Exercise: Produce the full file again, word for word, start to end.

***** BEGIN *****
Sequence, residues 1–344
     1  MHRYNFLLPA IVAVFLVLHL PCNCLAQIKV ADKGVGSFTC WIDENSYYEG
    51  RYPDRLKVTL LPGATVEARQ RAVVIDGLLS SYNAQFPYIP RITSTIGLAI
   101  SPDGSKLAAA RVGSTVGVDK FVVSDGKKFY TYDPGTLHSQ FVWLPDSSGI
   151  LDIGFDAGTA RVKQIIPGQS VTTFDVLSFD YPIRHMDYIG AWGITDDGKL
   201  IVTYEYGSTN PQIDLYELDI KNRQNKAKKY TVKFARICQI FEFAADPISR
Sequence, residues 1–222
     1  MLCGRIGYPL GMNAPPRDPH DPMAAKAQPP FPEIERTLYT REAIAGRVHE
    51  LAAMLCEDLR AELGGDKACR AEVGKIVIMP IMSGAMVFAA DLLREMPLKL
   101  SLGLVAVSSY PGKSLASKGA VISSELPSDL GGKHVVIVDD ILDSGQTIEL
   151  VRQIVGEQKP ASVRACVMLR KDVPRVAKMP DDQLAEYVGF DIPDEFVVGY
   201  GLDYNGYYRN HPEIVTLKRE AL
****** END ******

Sequence, residues 1–344
     1  MHRYNFLLPA IVAVFLVLHL PCNCLAQIKV ADKGVGSFTC WIDENSYYEG
    51  RYPDRLKVTL LPGATVEARQ RAVVIDGLLS SYNAQFPYIP RITSTIGLAI
   101  SPDGSKLAAA RVGSTVGVDK FVVSDGKKFY TYDPGTLHSQ FVWLPDSSGI
   151  LDIGFDAGTA RVKQIIPGQS VTTFDVLSFD YPIRHMDYIG AWGITDDGKL
   201  IVTYEYGSTN PQIDLYELDI KNRQNKAKKY TVKFARICQI FEFAADPISR
Sequence, residues 1–222
     1  MLCGRIGYPL GMNAPPRDPH DPMAAKAQPP FPEIERTLYT REAIAGRVHE
    51  LAAMLCEDLR AELGGDKACR AEVGKIVIMP IMSGAMVFAA DLLREMPLKL
   101  SLGLVAVSSY PGKSLASKGA VISSELPSDL GGKHVVIVDD ILDSGQTIEL
   151  VRQIVGEQKP ASVRACVMLR KDVPRVAKMP DDQLAEYVGF DIPDEFVVGY
   201  GLDYNGYYRN HPEIVTLKRE AL